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When you increase the temperature of an exothermic reaction, it is known to shift left. I understand this fact, but have trouble conceptualizing it and understanding precisely WHY. Why wouldn’t an exothermic reaction with added heat shift right since its inclined to release heat?
an exothermic reaction releases heat which means heat is a product in a chemical reaction. when you increase the temperature, think of it like you are increasing the amount of product. when more product is added, the equilibrium shifts towards the left.
It might help if you view heat as another reactant (for an endothermic reaction) or as another product (for an exothermic reaction). If you add more of a reactant, according to Le Chatelier's, the effect of the change will need to be minimized so the reaction will proceed to the right. So in an endothermic reaction, you have heat on the left side of your equation so adding more heat to the system will make the reaction go away from the left side (favoring products). In an exothermic reaction, you have heat on the right side of your equation so adding more heat to the system will make it proceed away from the right side (favoring reactants).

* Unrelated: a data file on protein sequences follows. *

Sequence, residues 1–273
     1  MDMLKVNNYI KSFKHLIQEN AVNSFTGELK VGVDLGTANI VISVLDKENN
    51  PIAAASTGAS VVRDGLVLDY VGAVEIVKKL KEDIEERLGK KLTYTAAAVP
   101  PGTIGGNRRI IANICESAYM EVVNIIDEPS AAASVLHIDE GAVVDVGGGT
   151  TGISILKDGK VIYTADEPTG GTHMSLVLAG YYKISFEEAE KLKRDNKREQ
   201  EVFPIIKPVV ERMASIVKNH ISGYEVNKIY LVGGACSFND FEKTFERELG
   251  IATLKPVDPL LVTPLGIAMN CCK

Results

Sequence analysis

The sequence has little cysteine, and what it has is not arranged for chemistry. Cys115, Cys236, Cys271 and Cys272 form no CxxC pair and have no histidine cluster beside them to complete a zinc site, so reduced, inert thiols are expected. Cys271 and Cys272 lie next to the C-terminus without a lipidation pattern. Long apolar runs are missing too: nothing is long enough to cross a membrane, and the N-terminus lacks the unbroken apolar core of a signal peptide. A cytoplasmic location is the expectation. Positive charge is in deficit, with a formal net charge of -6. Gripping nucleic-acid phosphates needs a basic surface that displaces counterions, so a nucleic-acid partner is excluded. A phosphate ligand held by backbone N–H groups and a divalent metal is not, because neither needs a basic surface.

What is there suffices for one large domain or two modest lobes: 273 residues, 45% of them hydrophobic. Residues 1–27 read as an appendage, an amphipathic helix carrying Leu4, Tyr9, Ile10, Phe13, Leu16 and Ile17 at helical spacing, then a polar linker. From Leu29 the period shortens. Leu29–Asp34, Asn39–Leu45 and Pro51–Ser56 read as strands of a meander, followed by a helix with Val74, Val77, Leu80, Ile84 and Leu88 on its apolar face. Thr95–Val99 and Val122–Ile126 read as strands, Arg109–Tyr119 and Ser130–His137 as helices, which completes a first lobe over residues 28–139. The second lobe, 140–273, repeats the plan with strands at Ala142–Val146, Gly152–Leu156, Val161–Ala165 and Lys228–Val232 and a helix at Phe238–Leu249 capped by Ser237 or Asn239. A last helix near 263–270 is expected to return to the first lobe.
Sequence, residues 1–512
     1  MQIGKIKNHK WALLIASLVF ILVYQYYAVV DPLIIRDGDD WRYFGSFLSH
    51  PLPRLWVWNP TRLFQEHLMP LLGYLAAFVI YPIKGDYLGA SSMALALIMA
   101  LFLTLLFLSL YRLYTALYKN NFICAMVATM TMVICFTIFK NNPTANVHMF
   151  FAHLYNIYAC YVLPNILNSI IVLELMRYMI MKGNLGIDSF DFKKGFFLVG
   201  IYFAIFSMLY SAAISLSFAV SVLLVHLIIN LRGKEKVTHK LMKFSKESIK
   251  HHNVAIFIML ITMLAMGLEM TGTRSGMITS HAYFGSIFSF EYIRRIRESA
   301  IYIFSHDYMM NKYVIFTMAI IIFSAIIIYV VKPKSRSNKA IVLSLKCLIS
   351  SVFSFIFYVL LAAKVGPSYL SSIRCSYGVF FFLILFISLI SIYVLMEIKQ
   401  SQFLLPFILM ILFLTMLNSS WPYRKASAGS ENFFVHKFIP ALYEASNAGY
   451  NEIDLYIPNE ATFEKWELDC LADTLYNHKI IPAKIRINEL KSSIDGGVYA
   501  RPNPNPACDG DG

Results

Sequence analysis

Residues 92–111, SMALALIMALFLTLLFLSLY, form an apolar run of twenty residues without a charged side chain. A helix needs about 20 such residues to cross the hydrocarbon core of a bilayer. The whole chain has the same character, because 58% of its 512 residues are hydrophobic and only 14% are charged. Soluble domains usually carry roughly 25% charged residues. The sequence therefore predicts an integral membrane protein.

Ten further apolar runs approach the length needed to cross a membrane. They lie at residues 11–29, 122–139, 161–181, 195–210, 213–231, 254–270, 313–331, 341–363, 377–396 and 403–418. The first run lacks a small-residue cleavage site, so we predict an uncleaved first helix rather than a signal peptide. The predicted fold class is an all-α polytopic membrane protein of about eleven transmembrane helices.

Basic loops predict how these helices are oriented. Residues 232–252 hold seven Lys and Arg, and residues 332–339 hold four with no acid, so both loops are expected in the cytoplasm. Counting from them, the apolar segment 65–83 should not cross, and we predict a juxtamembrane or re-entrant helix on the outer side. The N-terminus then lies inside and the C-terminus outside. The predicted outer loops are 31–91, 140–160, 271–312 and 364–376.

Exothermic reactions give off heat while forming product, and reactant formation will be favored. For exothermic reactions, you can picture heat as being a product and apply Le Chatelier's principle of what happens when you add product to a system. Therefore, increasing the temperature will shift the equilibrium to the left towards reactants.
Thank you for asking and thank you for the explanations!
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